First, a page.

Third, the president is ideologically committed to a world without nuclear weapons. If Iran gets the bomb, it will set off an arms race in the world’s most volatile region. At the very least, Saudi Arabia and Turkey will seek nuclear weapons. It would mark a bitter defeat for Obama to have inadvertently overseen the greatest expansion of the nuclear arms club in recent history.

Finally, the president has a deep understanding of Jewish history, and is repulsed by Iranian anti-Semitism. He doesn’t want to be remembered as the president who failed to guarantee Israel’s existence.

This isn’t to say that Obama has decided to use whatever means necessary to stop Iran. (He faces opposition in the Pentagon, for one thing, though the U.S. military has much greater capabilities than Israel.) Nor is a U.S. strike something desirable, even if done in concert with Western allies. It’s far better for the Iranians to be persuaded through other means to stop their nuclear program.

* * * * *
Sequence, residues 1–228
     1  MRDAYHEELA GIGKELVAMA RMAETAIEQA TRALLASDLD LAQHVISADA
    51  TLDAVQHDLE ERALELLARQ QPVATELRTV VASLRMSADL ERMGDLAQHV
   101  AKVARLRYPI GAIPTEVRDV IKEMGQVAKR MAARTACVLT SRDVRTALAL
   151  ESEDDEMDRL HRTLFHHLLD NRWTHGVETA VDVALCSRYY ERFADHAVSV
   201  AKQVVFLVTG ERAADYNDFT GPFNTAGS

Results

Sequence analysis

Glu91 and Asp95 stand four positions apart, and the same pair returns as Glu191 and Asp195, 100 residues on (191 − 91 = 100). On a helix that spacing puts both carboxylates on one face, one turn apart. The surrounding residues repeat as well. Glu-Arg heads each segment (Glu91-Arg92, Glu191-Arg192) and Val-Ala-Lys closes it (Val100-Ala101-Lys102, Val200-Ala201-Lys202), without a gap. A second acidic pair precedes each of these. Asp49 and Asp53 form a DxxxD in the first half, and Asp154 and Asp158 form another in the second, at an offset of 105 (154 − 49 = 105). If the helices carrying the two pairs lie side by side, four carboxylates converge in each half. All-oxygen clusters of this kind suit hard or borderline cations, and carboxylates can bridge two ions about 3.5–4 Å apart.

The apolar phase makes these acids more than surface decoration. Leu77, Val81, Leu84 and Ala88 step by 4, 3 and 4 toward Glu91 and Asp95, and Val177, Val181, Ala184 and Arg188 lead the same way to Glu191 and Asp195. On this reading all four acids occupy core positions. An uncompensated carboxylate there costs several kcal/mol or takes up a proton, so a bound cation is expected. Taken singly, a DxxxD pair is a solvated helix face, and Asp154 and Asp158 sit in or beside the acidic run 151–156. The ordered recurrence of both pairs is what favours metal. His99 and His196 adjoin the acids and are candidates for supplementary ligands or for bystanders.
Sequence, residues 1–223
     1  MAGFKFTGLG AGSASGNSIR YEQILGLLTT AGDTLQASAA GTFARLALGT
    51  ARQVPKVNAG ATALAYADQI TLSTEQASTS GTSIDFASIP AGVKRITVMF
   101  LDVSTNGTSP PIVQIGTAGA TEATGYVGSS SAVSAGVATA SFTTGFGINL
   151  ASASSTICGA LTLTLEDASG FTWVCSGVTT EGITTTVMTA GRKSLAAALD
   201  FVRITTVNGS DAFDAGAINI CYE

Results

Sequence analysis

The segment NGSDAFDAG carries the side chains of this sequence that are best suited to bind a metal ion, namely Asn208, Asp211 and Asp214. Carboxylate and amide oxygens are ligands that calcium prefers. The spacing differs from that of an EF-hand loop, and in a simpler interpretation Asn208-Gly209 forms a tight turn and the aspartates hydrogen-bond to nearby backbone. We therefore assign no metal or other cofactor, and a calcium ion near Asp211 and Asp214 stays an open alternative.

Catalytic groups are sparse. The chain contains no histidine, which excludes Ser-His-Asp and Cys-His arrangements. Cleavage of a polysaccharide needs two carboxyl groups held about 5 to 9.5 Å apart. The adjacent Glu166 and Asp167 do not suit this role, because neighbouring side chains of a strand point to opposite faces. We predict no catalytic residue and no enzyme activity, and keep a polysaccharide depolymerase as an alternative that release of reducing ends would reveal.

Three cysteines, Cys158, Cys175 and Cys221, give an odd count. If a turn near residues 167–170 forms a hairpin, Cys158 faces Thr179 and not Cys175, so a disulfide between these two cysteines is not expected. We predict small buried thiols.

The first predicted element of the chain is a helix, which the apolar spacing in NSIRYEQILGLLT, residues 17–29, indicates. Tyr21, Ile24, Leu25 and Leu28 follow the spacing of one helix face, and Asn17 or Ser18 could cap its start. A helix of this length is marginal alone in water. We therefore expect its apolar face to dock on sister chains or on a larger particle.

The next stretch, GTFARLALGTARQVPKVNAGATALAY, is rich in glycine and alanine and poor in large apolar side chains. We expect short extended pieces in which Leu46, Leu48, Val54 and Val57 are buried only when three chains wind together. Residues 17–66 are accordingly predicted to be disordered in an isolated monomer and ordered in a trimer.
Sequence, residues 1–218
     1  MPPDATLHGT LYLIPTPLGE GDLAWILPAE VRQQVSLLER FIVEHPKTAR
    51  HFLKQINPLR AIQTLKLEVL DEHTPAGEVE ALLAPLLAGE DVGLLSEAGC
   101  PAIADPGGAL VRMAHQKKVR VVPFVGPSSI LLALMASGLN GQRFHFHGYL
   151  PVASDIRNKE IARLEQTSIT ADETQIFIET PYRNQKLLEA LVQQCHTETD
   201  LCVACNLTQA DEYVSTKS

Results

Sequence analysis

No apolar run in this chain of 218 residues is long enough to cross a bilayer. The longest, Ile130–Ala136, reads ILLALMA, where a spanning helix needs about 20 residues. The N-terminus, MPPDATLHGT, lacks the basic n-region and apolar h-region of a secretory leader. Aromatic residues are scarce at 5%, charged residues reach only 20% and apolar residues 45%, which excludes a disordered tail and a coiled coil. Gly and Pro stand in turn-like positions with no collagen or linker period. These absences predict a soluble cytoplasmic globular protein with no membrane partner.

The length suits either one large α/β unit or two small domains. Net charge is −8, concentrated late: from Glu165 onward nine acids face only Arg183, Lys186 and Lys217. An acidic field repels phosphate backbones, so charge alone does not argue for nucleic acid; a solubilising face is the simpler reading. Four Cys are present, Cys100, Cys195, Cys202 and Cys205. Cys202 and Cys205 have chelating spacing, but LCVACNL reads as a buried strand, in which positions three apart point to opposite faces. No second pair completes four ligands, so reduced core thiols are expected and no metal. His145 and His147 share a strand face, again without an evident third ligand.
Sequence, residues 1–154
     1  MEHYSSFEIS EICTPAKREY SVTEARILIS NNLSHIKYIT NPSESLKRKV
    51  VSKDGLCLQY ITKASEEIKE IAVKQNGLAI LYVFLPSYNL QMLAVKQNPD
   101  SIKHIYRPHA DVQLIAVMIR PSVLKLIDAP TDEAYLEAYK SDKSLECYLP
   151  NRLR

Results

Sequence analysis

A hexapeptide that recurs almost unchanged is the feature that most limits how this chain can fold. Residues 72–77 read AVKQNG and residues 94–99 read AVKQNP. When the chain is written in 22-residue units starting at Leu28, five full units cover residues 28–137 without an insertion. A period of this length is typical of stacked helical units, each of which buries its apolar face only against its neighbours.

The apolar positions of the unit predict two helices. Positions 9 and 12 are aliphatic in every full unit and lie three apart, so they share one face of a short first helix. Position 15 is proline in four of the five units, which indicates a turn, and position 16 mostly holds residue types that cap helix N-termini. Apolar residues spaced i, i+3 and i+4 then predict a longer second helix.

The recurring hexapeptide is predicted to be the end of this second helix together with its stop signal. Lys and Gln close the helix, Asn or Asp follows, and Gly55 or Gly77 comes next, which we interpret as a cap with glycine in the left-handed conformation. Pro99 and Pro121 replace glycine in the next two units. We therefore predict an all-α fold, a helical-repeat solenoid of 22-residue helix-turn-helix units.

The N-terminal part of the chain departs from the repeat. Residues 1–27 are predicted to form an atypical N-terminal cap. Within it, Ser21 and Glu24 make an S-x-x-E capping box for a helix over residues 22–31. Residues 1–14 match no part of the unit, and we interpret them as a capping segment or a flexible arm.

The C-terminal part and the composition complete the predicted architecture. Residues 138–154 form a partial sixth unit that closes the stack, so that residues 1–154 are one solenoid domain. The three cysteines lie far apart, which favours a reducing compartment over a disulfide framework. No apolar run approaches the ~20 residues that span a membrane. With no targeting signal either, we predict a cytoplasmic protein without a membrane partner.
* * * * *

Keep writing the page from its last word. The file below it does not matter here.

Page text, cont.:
But numerous Israeli officials have told me that they are much less likely to recommend a preemptive strike of their own if they were reasonably sure that Obama was willing to use force. And if Iran’s leaders feared there was a real chance of a U.S. attack, they might actually modify their behavior. I believe Obama would use force — and that he should make that perfectly clear to the Iranians.